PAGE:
Capital Commentary is the weekly current-affairs publication of CPJ, written to encourage the pursuit of public justice.
Becoming an American
August 27, 2010
by Gideon Strauss
Sell house: done. Store furniture: done. Deliver both children to college: done. Move to America: done. Become an American citizen: next action.
Earlier this week my wife, Angela, and I moved into a graduate student apartment at Fuller Seminary in Pasadena, California, where Angela will be studying church music and liturgy for the next year or so. With this we become U.S. residents for the first time.
I started working for the Center for Public Justice—based in Washington, DC, for those of you who don’t know—in October of 2009, on an H1B visa. Because our younger daughter, Hannah, was finishing high school, we remained at our home in Canada until she entered Gordon College near Boston a few weeks ago, alongside her sophomore sister Tala.
The decision by the board of trustees of the Center for Public Justice to hire as its CEO a South African living in Canada seemed to me to be an indication of the scope of the board’s vision—a vision for public justice that does not stop at the borders of the USA. (This vision is a current expression of the long-standing purpose statement of the Center for Public Justice: We aspire to a United States and a world in which citizens, particularly Christians, take their civic responsibilities seriously as a service to God, until the kingdom of God comes in its fullness. We aspire to a United States and a world where governments carry out their high calling to do justice to all citizens, institutions and communities. We aspire to a United States and a world where citizens and leaders work together to shape public life for the good of all, both nationally and internationally.)
Since the aspirations of the Center for Public Justice start with the United States, even if they do not end here, I explained to its board of trustees at the time that they offered me this position that I could not see myself doing the job with authenticity unless I was willing to accept the responsibilities of a citizen of the United States of America, and that I would therefore pursue such citizenship as I took on the duties of CEO.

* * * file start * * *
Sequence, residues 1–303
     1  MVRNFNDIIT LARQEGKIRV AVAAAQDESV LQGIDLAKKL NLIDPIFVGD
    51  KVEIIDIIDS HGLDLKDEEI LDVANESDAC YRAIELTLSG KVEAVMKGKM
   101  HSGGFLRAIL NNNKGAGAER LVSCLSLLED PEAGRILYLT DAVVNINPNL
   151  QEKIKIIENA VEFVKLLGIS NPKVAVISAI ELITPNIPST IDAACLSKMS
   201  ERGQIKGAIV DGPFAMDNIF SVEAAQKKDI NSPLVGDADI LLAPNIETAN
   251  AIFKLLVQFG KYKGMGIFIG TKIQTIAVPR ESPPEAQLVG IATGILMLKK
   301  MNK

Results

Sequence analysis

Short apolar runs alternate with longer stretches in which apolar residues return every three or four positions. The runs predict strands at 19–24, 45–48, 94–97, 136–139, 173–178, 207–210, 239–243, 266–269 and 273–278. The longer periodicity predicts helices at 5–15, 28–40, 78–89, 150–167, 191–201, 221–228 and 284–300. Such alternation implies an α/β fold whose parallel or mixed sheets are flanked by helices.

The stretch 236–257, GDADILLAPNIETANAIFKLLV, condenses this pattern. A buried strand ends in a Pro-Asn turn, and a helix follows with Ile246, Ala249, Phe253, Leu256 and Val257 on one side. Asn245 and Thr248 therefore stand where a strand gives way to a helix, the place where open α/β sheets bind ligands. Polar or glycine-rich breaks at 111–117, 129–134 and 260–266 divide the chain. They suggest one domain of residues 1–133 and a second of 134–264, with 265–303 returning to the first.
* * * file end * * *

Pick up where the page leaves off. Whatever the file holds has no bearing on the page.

This decision raises big questions for me: What does it mean to become an American? What does it mean to be an American? Is it possible to fulfill the responsibilities of American citizenship while retaining citizenship in Canada and South Africa, or must those citizenships be relinquished? What is the relationship between the duties of a citizen of the USA and the duties one has to all of humanity—that is, can one be both an American citizen and in some sense a cosmopolitan? And perhaps the biggest question of all: what is the relationship between being a citizen of the USA and being a citizen of the kingdom of God?
These are not only questions for me, or even just for immigrants in general: they are questions for every current or prospective American citizen, whether you drove in from Canada or Mexico yesterday, or if your parents came freely or in bondage by boat from East Asia or West Africa generations ago, or if you can trace your ancestors back to the Mayflower or Dutch Manhattan.
Citizenship demands considerable commitment: it is an expression of a certain kind of love, and woven into it are certain kinds of responsibilities. How should I—how should we—love America?
These are questions I will be exploring for years. I have some sense of where this journey should start. America is not my first or deepest love. That love is reserved for God, and, therefore, my citizenship in the kingdom of God is the larger context and the greater demand in terms of which my pursuit of American citizenship must be understood.
Knowing where to start does not mean I know where I’ll end up. I pray for good guidance from the Word of God and from the community of believers and its expression both in historical Christian social thought and in you: the associates of the Center for Public Justice. So let me know what you think … ?
—Gideon Strauss is CEO of the Center for Public Justice and editor of Capital Commentary.
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Capital Commentary is a weekly current-affairs publication of the Center for Public Justice. Published since 1996, it is written to encourage the pursuit of justice. Commentaries do not necessarily represent an official position of the Center for Public Justice but are intended to help advance discussion. Articles, with attribution, may be republished according to our publishing guidelines.”